close Iran Protests, 2022 (WARNING: Contains some graphic content.) Video

Iran Protests, 2022 (WARNING: Contains some graphic content.)

Over 100 days of nationwide protests in Iran have demonstrated the greatest pushback against the decades-old regime and its repressive policies, showing the world that the people demand rights they have long been denied. (CREDIT: The Foreign Desk)

Iranian President Ebrahim Raisi expressed no regrets about how his government handled widespread protests in the country last year, even as reports of mass arrests being made in the country as the anniversary of the protests in response to the death of Mahsa Amini approaches.

“Those who carried out terror, who have killed individuals, who have attacked police and security forces, who had made some destruction in the country, of course we did not have mercy upon them,” Raisi told NBC News’ Lester Holt last week in his first interview with a Western news organization since Amini’s controversial death in police custody last year.

The Iranian leader’s comments come as the anniversary of widespread protests that rocked Iran for roughly six months last year approaches, with NBC News reporting that authorities in the country have already begun a crackdown on activists who may attempt to reignite the issue. Authorities in Iran reportedly detained at least a dozen women’s rights activists last month, while Raisi warned in the interview that those who attempt to sow more instability in the country would pay a “big cost.”

According to a United States Commission on International Religious Freedom report last week, Iranian authorities had also stepped up efforts to arrest religious leaders in an apparent attempt to crack down on any potential rekindling of demonstrations.


Side by side of Raisi and protests

Left: Iranian President Ebrahim Raisi. Right: Protests after the death of Mahsa Amini in police custody. (AP Photo/Middle East Images/AP Photo/Dita Alangkara)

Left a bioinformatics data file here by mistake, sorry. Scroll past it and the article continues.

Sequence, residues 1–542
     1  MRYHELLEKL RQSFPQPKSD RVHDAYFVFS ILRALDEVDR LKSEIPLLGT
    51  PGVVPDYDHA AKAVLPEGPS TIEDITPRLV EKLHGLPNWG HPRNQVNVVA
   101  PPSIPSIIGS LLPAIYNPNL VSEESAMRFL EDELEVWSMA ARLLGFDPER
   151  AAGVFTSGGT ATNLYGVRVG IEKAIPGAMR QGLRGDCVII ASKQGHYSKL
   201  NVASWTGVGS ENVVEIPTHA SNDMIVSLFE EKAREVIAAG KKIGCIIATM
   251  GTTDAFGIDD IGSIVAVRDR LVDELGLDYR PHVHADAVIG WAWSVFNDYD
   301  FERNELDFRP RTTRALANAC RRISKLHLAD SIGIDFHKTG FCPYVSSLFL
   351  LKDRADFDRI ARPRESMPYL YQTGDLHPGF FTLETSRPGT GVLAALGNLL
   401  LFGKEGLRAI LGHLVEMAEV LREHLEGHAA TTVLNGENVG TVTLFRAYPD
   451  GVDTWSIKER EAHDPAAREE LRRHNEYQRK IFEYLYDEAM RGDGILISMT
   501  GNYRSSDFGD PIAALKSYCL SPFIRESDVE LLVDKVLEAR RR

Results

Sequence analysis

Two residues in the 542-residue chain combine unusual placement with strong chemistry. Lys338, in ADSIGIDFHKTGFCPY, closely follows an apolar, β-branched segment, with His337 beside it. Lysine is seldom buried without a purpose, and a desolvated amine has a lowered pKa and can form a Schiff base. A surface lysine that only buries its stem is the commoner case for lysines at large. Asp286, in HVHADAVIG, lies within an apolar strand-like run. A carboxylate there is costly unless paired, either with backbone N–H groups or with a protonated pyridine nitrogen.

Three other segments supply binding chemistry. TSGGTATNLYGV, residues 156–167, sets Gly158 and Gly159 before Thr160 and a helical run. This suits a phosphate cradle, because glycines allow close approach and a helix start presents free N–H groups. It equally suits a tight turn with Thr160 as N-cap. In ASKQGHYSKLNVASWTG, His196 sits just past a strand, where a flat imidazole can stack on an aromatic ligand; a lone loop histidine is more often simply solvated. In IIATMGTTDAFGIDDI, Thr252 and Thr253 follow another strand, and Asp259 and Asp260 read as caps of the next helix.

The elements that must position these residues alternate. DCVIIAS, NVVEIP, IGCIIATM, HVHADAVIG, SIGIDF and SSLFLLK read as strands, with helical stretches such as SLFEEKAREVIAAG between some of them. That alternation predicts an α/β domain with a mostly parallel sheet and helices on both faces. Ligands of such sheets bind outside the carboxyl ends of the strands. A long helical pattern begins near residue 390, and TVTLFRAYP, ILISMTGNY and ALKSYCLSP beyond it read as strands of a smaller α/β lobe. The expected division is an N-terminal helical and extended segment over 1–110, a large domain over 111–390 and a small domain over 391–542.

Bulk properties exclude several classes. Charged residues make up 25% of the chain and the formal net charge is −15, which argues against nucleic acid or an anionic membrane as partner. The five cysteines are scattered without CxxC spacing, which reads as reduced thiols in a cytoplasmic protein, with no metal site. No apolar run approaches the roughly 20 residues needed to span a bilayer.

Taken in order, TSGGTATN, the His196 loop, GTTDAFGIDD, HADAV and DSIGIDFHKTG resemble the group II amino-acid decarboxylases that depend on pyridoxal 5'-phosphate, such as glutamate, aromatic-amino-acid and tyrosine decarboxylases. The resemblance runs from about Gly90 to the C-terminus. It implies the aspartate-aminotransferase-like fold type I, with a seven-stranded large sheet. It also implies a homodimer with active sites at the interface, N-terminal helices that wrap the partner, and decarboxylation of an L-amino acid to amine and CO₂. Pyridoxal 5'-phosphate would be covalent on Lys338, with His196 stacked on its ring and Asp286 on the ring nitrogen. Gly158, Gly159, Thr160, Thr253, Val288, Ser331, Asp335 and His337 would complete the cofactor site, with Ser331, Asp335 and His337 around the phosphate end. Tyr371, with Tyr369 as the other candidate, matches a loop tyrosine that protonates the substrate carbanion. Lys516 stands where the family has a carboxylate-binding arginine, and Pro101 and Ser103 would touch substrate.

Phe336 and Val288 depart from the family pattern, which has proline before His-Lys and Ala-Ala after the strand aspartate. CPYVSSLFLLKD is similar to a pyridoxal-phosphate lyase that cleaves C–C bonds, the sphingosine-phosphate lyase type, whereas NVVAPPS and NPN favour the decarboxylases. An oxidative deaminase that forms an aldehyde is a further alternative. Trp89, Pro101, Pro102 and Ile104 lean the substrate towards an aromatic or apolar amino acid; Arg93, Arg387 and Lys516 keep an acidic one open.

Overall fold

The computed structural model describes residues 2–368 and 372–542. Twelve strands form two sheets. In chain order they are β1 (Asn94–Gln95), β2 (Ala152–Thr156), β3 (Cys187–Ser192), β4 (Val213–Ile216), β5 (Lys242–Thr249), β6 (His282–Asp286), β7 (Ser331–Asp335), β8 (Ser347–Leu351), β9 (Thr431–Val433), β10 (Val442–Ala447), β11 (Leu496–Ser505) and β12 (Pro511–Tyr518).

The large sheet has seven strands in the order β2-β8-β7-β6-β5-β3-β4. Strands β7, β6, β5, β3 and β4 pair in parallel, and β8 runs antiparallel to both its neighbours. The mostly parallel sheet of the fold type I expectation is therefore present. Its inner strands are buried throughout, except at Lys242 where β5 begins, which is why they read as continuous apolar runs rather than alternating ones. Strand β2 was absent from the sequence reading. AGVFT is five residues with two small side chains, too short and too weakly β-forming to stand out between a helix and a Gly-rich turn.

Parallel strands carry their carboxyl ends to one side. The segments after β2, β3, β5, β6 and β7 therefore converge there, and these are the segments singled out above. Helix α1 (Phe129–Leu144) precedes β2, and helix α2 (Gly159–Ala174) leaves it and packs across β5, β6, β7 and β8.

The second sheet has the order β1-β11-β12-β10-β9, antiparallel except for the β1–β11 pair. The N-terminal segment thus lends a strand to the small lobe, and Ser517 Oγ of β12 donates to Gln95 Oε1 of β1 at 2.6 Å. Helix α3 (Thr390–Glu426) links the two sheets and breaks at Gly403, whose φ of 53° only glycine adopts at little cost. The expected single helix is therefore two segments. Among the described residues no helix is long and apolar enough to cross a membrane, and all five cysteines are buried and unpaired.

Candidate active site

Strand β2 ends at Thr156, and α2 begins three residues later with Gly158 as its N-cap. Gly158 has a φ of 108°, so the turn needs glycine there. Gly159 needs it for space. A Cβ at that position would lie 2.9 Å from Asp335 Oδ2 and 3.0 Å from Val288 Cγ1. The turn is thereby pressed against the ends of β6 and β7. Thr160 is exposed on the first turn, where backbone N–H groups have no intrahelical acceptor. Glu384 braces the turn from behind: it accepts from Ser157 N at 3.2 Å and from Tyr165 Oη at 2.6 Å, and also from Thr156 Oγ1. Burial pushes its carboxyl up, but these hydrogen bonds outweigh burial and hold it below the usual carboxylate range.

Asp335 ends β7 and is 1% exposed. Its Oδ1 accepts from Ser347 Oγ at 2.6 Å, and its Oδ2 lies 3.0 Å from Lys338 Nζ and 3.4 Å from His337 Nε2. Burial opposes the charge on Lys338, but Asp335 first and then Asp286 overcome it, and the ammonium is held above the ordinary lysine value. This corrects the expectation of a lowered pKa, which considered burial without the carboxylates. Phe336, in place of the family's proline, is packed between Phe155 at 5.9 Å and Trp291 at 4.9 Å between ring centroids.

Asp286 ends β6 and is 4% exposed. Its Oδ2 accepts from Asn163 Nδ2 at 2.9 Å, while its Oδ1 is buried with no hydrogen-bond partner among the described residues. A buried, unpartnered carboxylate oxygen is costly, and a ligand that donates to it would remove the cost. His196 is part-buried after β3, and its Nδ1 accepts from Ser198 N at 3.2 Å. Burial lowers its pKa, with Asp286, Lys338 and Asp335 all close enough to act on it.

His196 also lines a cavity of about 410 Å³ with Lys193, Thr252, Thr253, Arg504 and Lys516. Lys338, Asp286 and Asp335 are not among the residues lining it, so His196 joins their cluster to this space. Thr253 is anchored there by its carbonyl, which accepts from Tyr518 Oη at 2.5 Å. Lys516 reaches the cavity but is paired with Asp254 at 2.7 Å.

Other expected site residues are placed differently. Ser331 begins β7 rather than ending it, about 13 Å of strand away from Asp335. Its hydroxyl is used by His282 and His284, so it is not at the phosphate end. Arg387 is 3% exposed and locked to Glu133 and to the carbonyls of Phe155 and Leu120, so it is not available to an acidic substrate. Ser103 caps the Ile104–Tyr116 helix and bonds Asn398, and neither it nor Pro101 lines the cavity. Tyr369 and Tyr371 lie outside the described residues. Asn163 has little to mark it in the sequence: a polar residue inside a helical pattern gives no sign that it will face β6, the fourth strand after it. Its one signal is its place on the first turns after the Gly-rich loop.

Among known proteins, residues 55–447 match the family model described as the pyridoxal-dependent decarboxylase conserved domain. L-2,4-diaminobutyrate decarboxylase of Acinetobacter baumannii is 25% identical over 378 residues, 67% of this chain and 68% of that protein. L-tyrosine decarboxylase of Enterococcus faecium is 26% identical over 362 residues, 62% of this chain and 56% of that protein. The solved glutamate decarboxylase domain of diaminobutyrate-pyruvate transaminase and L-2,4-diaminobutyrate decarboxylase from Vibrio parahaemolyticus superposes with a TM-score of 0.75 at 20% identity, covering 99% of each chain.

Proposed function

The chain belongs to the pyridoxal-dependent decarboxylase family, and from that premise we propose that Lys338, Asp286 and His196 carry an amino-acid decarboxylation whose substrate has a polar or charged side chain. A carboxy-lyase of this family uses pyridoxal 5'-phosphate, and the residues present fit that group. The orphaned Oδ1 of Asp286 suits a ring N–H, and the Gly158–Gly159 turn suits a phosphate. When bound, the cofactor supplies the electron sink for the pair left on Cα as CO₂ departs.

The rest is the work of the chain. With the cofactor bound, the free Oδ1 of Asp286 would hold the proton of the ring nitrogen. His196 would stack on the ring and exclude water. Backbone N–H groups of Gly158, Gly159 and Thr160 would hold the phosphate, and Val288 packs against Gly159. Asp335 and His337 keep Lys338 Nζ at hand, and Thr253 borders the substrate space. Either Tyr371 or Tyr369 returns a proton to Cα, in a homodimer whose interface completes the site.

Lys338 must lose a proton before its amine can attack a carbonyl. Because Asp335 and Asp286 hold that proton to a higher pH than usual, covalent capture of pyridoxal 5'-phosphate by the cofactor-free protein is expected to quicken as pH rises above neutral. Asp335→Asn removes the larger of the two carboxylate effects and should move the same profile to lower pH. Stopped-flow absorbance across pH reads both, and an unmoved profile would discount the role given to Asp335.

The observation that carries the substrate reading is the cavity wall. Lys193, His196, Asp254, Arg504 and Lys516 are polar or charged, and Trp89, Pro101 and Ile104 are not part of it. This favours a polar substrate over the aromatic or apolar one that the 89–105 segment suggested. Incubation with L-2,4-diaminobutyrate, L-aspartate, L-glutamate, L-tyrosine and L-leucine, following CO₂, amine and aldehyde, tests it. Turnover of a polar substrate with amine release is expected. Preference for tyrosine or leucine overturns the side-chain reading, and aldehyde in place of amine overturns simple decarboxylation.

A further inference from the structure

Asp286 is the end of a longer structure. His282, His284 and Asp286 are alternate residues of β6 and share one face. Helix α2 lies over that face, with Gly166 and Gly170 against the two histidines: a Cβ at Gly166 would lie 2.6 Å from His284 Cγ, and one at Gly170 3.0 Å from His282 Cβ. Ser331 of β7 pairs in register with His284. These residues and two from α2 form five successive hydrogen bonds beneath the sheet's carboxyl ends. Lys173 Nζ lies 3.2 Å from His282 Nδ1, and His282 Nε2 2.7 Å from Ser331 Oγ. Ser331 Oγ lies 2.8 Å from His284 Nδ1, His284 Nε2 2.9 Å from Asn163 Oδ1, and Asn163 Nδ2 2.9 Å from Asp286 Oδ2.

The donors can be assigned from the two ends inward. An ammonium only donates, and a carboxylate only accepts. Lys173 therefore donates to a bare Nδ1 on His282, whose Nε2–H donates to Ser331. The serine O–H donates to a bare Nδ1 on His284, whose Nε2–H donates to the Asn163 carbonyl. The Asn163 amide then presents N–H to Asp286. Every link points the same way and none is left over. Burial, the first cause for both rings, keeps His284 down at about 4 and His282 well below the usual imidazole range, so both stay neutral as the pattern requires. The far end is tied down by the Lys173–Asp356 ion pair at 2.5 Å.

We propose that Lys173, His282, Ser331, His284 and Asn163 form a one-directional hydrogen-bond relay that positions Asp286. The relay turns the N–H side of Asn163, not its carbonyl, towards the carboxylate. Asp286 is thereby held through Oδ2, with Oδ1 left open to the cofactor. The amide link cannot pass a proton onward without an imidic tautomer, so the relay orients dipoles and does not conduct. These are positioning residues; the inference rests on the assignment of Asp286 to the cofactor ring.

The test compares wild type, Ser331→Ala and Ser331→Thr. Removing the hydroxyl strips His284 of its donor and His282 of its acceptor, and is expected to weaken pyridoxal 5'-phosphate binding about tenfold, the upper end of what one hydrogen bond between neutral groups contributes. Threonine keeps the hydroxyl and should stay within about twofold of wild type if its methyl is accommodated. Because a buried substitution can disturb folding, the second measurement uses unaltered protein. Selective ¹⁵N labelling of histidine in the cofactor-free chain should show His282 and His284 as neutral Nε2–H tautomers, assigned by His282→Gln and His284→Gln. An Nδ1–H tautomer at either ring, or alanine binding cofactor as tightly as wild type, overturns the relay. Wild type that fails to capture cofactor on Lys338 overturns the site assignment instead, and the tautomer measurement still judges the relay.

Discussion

“Iran’s arrests of religious leaders, particularly the re-arrests of Baha’i leaders, is gravely concerning,” USCIRF Commissioner Eric Ueland said in a statement at the time. “The Biden administration must lead further multilateral sanctions efforts to hold Iran’s leaders accountable for these contemptible and inexcusable violations of religious freedom. It also should support a United Nations Security Council resolution to refer the matter of Iran to the International Criminal Court.”

A White House National Security Council spokesperson told Fox News Digital that Iran has continued to show “disregard for the human rights” while “killing Iranians, including children, and detaining and abusing others. That is why the people of Iran are protesting.”

‘”The United States is leading multilateral efforts to support the free flow of information to the people of Iran, to hold perpetrators of these human rights abuses to account, and to reinforce the condemnation of the regime’s brutal violence at the forefront of the international community,” the spokesperson said. “Canada, the United Kingdom, Australia, the European Union, and EU members have joined us in sanctioning Iranian officials and entities for involvement in the regime’s brutal suppression of peaceful protests, state-sponsored violence against women, and censorship.” 

But Raisi insisted in his interview with NBC News that the country was ready to listen to “genuine protesters” but warned against what he characterized as foreign-led efforts to destabilize Iran.

“Those who intend to abuse Madam Amini’s name, under this pretext to be an agent of foreigners to create this instability in the country, we know what … would happen to them. And they know that endangering the security of people and (the) security of society will create a big cost,” the Iranian leader said.